When Jesse James Garrett wrote ajax: a new approach to web applications, he was coining a new term, not creating a new technology. While the term is arguably inaccurate, it certainly has folks talking. This is good. But for now, the best advice I can give is to not pay attention until the current hoo-ha has subsided a bit. The signal to noise ratio is way off right now, because there are too many of us geeks jumping up and down screaming “What the hell? I’ve been doing this for years! This is just a fancy marketing term for stuff I wrote back in 2001!” Guess what, no one cares what we did then, or now for that matter, if it sucks.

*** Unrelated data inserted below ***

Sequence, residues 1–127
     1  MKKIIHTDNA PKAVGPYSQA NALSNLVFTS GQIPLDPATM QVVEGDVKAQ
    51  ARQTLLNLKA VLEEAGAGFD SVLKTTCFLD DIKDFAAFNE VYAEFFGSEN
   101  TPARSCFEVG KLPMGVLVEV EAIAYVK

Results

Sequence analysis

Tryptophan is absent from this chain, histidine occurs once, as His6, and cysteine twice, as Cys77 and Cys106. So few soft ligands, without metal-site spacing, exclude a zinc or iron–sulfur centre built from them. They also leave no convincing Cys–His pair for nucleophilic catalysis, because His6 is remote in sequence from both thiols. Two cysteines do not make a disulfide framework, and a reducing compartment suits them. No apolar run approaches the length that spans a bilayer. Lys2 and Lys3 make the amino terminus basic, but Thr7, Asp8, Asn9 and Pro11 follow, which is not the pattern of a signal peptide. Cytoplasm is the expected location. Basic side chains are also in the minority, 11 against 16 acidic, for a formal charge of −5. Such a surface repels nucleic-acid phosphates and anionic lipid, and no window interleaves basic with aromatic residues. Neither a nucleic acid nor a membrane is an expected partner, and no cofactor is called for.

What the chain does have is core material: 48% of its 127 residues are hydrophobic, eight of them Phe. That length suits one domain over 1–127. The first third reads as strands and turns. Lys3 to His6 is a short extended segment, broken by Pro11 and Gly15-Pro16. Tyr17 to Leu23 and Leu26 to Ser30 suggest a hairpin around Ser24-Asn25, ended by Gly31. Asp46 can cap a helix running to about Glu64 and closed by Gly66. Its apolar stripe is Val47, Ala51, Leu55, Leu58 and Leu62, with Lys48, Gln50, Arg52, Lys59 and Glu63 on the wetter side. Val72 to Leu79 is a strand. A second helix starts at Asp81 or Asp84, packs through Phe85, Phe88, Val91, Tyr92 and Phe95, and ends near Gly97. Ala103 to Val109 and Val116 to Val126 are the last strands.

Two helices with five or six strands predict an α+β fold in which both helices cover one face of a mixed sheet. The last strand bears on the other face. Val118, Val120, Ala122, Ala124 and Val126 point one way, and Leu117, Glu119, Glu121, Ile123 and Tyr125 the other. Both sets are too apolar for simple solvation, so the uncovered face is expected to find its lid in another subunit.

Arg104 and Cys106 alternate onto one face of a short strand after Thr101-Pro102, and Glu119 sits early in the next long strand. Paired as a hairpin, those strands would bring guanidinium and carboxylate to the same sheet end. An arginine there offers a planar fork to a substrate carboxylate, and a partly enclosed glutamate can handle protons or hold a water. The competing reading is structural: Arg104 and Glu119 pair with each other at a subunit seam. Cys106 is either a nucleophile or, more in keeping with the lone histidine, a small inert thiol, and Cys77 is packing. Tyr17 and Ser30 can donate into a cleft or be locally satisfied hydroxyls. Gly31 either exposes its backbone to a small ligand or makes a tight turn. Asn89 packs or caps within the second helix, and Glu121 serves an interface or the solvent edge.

What’s happening now is different. Talented, creative developers are discovering Ajax and doing amazing, useful things with it. Once the fervor dies down and the crybabies are dismissed, we can get to work on learning to make Ajax more accessible, usable and sensible while discovering where it fits into the big picture.

Ajax needed a fancy marketing term and a bit of hype or the whole suite of technologies could’ve continued flailing about in ugly little web admin areas behind corporate firewalls forever.